Recently, while reading back issues of Applied Clinical Trials, I came across a shocking statistic: 90% of all clinical trials experience substantial delays. I almost didn’t believe my eyes, so I read that sentence again. 90%…9 out of every 10… almost every study takes much longer than expected. As I pondered those numbers, the economic impact of such a percentage struck me. While there are different causes for study delay, the results are always the same: lost revenues and diminished market share.
Consider a new veterinary product that is projected to generate first-year sales of $12 million or more. For every month that this product’s clinical trial is delayed, its sponsor loses at least $1 million in revenues. As the months drag on, these losses mount. And what’s the cost if a more nimble competitor beats you to market with a similar product? Which sponsor would you rather be?
In my experience, there are four main causes of study delay: slow enrollment; poor data quality; lax test article controls and weak project team communications
Choosing the right investigator often determines how fast you hit your numbers…or whether you hit them at all. Some investigators don’t have the requisite patient population. Others really don’t have the time to follow through on their study responsibilities. A few just lose interest. In addition, a strong field monitor gets enrollment off to a fast start and helps maintain site staff awareness of potential study subjects. Thorough protocol training before the study starts minimizes ineligible subjects, and creative recruitment strategies accelerate the pace of enrollment at all sites.
Poor Data Quality
Believe it or not, the sponsor is sometimes at fault. For example, protocol requirements can be vague, contradictory, or incomplete. Or, data forms are inconsistent with the protocol. Or they are poorly designed. A little extra scrutiny before the study documents are finalized can greatly reduce data error once the study is underway. Of course, most data error comes from the sites. Data form entries can be incomplete, inconsistent, illegible, or suspicious. All of these errors must be corrected before the database can be locked. Comprehensive site training and detailed data form guidelines reduce data form error and related delays.
Lax Test Article Controls
Keeping track of test article is nothing more than a simple accounting procedure… with some very strict controls. The sponsor counts the test article when shipped. Each site counts the test article when received. Those two numbers should match. Then, the site counts the test article when it is dispensed, and counts it again when unused test article is returned. The difference should equal what was administered to the study subjects. At the end of the study, each site counts unused test article before returning it to the sponsor. The sponsor counts returns upon their receipt. Those numbers should match. Pretty simple, right? Not without those very strict controls.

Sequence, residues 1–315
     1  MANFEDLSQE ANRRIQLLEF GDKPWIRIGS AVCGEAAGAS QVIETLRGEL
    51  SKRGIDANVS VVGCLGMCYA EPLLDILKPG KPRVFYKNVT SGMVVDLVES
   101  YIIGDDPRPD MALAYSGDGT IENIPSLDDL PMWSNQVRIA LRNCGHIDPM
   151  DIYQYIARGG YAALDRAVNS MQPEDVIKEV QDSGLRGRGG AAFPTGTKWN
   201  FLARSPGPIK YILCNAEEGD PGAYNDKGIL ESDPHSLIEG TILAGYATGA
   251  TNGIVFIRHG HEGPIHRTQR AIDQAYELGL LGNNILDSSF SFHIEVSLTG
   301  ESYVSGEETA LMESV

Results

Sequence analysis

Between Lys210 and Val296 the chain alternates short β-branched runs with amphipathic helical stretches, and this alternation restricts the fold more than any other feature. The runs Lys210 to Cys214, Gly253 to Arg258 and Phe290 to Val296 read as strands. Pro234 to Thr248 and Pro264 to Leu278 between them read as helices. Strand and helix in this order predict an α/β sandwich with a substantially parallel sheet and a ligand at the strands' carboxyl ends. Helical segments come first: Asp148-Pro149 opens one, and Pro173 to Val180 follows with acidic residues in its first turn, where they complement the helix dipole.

Weak Project Team Communications
Every member of the study team must understand the importance of complete, accurate, and timely communication of all study activities… both good and bad. Every study has problems. The time to solve them is when they occur, and everyone should be informed and involved in the solution. Detailed communication plans are critical elements of successful trial management, and clear expectations are integral to effective communication plans. So, express yourself!
No one likes nasty surprises… especially at the end of a trial.
So, how do you avoid these four causes of study delay? First, choose investigators who have the experience and dedication necessary to follow the protocol plus the enthusiasm and patient population to quickly enroll the required number of study subjects. Second, think like an investigator when designing data forms. Then, test them against the protocol. Third, develop strict controls for test article accountability. And, fourth, create communication plans for all members of the study team that incorporate all of their expectations for successful study completion.
If you follow these steps, I guarantee that your next study will be in the top 10%… the ones that don’t suffer significant delays.